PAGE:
Salvini ‘Ready to Govern’ Italy, No Deal with 5-Star Movement

Lega far right party leader Matteo Salvini gestures during a press conference held at the

After the center-right coalition’s victory in Sunday’s elections, Matteo Salvini was quick to rule out an alliance with the anti-establishment 5-Star Movement, insisting Monday that his party is ready to run Italy.

The League also achieved an important upset victory over coalition partner Forza Italia, meaning that Salvini—and not Silvio Berlusconi—has won the right to name the coalition’s candidate for prime minister, none other than Salvini himself.

“The center right is the coalition that won and that can govern,” 44-year-old Salvini said Monday, adding that “the League won inside the coalition and will be at the helm of the center-right.”

The leader of the League also ruled out any “strange alliances” with other groups, meaning the 5-Star Movement.

The 5-Star Movement received more votes than any other single party in Sunday’s vote, but not more than the center-right coalition. “The 5-Stars have changed their minds too many times and on too many topics, so for me it’s a big ‘no,’” Salvini said.

“Our team is ready,” he said.

Salvini said the pre-electoral agreement between his League and Berlusconi’s Forza Italia was that “the leader of the first party inside the coalition would have the honor of dragging this country out of the swamp.”

“I have not spoken with Berlusconi but the agreement between friends is clear and holds,” he said. “Within the center-right everybody’s happy, there is a coalition that has won and can govern. I won’t comment on the debacle of others, Matteo Renzi’s arrogance has been punished.”

Salvini was also quick to reaffirm his anti-establishment credentials, reading in the elections a clear rejection of the ruling class.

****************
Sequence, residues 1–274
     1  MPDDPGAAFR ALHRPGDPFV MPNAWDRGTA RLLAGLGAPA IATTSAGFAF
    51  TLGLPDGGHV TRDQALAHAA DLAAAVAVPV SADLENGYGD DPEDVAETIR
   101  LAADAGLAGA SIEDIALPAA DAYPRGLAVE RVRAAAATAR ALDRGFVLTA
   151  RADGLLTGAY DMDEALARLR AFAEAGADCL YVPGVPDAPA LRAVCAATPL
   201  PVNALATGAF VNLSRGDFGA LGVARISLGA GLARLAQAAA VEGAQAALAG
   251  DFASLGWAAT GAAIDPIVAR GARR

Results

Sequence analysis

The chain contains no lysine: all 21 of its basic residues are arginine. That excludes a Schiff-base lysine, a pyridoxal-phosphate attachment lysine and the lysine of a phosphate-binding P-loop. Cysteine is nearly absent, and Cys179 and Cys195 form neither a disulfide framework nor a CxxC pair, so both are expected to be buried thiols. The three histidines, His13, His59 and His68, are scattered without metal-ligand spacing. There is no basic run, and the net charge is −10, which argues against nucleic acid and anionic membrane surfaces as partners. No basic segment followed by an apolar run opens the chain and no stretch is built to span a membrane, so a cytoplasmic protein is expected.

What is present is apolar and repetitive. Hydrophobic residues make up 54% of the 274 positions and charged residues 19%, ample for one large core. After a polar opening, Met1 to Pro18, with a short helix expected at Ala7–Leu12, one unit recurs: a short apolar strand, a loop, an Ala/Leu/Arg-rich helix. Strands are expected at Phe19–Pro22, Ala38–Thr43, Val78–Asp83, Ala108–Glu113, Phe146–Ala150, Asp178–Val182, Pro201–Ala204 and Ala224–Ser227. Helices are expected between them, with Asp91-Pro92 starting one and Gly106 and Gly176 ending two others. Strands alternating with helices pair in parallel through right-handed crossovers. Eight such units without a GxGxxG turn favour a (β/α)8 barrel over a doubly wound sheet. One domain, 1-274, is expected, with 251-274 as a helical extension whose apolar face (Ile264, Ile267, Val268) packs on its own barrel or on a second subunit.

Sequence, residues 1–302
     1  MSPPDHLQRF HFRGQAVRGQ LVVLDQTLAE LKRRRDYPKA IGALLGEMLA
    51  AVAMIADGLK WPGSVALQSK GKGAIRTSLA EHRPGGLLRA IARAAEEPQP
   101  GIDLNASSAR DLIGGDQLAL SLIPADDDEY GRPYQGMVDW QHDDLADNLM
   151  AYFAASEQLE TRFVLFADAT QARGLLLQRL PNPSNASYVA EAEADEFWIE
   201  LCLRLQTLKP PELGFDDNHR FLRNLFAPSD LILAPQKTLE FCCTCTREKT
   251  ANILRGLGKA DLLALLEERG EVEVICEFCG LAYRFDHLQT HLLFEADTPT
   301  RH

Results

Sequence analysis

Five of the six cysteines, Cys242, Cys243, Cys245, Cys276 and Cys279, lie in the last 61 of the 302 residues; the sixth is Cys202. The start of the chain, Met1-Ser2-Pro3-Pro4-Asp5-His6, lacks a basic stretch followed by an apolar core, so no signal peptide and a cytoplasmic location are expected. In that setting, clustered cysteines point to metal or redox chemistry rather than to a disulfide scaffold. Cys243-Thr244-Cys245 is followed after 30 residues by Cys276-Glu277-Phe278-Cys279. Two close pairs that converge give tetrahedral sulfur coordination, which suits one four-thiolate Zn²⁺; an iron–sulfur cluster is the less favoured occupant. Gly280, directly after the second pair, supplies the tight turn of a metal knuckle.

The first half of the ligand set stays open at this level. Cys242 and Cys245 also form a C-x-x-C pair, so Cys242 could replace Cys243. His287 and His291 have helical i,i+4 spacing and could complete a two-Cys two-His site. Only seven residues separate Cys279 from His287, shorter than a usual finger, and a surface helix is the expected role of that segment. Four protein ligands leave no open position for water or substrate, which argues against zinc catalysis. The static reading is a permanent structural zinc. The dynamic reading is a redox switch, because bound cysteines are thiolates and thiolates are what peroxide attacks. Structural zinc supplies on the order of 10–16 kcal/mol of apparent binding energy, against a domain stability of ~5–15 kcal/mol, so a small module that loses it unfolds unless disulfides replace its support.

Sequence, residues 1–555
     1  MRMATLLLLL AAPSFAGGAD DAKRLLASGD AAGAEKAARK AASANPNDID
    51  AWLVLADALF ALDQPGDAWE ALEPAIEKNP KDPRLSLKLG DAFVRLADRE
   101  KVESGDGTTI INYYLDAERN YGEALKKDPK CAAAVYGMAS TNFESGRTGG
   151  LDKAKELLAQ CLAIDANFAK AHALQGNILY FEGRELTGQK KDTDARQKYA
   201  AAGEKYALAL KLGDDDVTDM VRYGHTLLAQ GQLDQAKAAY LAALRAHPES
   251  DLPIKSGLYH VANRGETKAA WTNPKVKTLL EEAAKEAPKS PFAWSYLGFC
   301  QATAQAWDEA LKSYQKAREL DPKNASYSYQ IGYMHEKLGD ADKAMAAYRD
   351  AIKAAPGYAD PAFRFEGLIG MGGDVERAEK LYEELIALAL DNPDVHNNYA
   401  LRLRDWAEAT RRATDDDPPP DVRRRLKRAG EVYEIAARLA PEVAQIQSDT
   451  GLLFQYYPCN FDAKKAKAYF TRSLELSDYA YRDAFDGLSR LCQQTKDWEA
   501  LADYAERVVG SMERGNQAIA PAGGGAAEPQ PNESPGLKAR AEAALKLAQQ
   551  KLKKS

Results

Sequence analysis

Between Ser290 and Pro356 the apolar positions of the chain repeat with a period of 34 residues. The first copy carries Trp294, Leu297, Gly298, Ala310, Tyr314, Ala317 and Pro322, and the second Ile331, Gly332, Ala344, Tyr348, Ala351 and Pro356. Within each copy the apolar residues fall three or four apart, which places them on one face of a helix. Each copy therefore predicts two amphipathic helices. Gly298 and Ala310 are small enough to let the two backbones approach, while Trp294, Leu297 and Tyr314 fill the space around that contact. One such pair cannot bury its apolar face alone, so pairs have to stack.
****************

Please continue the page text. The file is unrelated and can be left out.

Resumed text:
“I am and I will remain a populist, because those who listen to the people are doing their job, whereas the radical chic who disgust workers are no longer wanted by the people.”

The League leader also spoke of an evolving relationship between Italy and the European Union, and touched on the future of the euro.

“We are in Europe and we want a Europe that does few things and does them well, one that recognizes people’s identities, languages, etc. The real enemies of Europe are people like Renzi and Bonino who pretend that everything is fine and good when it isn’t,” he said.

“We will work to modify and remove some European parameters, but regarding the euro I remain convinced that the single currency is destined to end, not because I want it but because the facts, common sense, and the real economy dictate it. And we want to get prepared for that moment.”

Addressing Italy’s economic crisis—it is the only major EU country whose economy has not recovered from 2008—Salvini painted a picture of an Italy that attracts business.

“An Italy that collects lower taxes, that has well-defined times for the court proceedings, and that has less bureaucracy is good news that reassures the markets,” he added.

“It was an extraordinary victory that fills us with pride and responsibility,” Salvini said.

“I see it as a vote for the future,” he said. “While some wanted to speak about ghosts of the past during the electoral campaign, the Italians have chosen the future.”

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